Spread of zebra mussels in Texas now includes Lake Lavon

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Texas hunting and fishing news and updates

Invasive zebra mussels, which negatively impact aquatic ecosystems, have been confirmed in the sixth body of water in Texas: Lake Lavon.

Tthe U.S. Geological Survey announced the confirmation, according to a news release. The presence of live zebra mussels or their larvae has now been documented in lakes Texoma, Ray Roberts, Lewisville, Bridgeport, Belton and Lavon.

A team of USGS scientists led by Dr. Christopher Churchill has been monitoring North Texas reservoirs and rivers for the presence of juvenile and adult zebra mussels as well as for the presence of zebra mussel DNA. Lavon’s water samples recently tested positive for zebra mussel DNA and a veliger — larval form — also was positively identified, according to the release.

The USGS tests also detected zebra mussel DNA in lakes Grapevine, Fork and Tawakoni. This is the first detection of zebra mussel DNA in lakes Fork and Tawakoni.  However, three consecutive surveys have detected zebra mussel DNA in Lake Grapevine making it highly suspect.

Texas hunting and fishing news and updates

The finding of zebra mussel DNA in a lake does not necessarily mean that it is infested, but may indicate that boaters are inadvertently moving zebra mussels or zebra mussel DNA from lake to lake.  The USGS sample from Fork was collected near the FM 17 boat ramp and the samples from Tawakoni were collected near Lake Tawakoni State Park and South Shore Marina, according to the release.  The USGS will conduct a follow-up lake survey at Lavon this month and will resume routine sampling this  spring at all areas that are currently monitored. The USGS also monitors several riverine areas including Sister Grove Creek, Elm Fork of the Trinity River, and Denton Creek.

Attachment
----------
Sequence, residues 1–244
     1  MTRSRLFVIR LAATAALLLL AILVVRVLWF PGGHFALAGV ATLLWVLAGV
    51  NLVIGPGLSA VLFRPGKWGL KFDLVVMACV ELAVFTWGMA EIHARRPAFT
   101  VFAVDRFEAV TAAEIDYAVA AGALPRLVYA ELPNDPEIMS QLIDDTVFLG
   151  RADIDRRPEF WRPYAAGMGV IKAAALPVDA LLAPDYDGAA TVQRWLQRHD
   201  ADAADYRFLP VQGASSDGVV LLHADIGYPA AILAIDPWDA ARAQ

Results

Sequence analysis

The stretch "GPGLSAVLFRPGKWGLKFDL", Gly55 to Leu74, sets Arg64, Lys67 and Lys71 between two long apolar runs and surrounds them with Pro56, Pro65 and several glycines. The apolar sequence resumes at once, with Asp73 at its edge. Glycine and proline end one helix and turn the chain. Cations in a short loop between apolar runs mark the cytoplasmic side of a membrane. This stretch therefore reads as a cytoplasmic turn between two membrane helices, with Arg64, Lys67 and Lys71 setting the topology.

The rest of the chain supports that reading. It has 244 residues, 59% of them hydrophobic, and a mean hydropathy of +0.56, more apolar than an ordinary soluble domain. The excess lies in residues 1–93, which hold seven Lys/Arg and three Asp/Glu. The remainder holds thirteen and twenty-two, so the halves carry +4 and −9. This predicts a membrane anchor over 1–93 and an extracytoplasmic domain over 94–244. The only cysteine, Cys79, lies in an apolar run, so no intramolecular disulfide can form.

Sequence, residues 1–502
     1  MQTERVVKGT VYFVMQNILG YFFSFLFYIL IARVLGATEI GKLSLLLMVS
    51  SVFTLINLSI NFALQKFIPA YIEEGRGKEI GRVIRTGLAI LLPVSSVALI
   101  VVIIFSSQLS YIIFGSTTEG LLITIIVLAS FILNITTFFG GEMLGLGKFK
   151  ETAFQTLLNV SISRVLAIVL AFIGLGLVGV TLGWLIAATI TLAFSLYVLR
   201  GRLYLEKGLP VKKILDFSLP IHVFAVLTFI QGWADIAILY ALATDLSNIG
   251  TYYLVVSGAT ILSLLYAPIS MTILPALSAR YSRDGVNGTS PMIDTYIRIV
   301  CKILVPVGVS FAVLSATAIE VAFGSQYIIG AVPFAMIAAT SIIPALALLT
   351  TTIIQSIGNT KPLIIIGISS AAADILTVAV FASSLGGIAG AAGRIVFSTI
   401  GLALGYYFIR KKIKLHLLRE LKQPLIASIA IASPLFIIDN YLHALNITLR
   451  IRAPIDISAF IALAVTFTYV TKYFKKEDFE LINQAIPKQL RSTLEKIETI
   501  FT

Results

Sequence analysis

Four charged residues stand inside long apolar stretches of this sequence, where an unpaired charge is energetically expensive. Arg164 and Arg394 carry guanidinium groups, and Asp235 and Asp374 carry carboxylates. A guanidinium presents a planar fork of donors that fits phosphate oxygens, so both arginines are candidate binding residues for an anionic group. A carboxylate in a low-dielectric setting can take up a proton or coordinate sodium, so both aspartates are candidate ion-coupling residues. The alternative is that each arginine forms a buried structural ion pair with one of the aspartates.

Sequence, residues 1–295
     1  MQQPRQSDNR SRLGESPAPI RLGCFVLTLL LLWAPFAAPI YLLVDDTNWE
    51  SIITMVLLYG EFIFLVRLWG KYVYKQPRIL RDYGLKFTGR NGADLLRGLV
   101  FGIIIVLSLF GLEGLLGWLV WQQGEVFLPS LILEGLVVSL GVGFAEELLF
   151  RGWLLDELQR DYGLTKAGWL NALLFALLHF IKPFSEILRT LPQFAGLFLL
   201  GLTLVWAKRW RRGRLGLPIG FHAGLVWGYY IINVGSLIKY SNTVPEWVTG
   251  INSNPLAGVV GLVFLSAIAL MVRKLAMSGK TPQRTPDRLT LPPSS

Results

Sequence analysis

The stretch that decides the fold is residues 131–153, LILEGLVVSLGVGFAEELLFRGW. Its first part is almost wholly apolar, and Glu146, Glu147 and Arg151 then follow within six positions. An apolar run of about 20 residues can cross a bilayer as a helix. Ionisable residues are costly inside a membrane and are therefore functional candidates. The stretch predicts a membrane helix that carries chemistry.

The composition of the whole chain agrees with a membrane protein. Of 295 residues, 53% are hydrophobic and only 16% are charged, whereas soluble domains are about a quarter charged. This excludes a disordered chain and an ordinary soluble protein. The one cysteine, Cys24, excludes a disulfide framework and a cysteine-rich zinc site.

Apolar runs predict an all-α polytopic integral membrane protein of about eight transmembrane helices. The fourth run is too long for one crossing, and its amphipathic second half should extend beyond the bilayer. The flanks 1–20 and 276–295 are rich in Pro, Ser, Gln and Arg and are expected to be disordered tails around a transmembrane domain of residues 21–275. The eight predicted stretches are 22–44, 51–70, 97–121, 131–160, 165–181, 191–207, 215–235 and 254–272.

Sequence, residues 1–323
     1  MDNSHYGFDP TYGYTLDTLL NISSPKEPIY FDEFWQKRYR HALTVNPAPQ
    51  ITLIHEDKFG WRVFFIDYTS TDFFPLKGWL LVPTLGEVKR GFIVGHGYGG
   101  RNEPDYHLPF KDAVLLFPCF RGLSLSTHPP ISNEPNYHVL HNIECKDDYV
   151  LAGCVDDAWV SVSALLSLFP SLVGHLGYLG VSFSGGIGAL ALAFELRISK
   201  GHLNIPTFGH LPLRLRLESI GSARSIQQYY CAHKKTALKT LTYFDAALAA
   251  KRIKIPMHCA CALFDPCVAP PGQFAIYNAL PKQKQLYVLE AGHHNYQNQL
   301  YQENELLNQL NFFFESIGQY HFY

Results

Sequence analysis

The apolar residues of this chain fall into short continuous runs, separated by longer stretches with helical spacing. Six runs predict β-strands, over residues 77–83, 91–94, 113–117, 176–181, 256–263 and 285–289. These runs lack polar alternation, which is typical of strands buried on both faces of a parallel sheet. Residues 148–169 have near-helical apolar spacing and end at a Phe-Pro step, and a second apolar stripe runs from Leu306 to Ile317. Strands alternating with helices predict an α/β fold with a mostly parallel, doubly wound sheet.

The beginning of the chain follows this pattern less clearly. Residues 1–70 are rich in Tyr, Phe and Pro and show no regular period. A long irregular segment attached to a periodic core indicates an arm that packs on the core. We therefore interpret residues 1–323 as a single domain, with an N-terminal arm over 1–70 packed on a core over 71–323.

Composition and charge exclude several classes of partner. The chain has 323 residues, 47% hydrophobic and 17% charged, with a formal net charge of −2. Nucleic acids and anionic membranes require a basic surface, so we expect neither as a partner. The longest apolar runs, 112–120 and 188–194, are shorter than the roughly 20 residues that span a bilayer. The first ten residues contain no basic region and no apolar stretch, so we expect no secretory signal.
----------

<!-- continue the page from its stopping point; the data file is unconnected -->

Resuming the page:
Zebra mussels were first discovered on boats being transported from out of state to Texoma in 2006.  In 2009 Texoma became the first lake in Texas to become infested. Zebra mussels can quickly cover boats and motors left in infested waters, clog public-water intake pipes and water-cooling systems, and can make water recreation hazardous because of their razor-sharp shells.

Boats are believed to be one of the main ways that the mussels move from lake to lake.  The only way for boaters to ensure they’re not transporting zebra mussels is to always clean, drain and completely dry boats, trailers and gear after leaving a water body.

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Will Leschper is founder of The Texas Outdoor Digest. He has been recognized for Excellence in Craft by the Outdoor Writers Association of America and the Texas Outdoor Writers Association. He is Conservation Editor of Texas Fish & Game Magazine and is a regular contributor to the Journal of the Texas Trophy Hunters, in addition to writing for plenty of of now-defunct publications.

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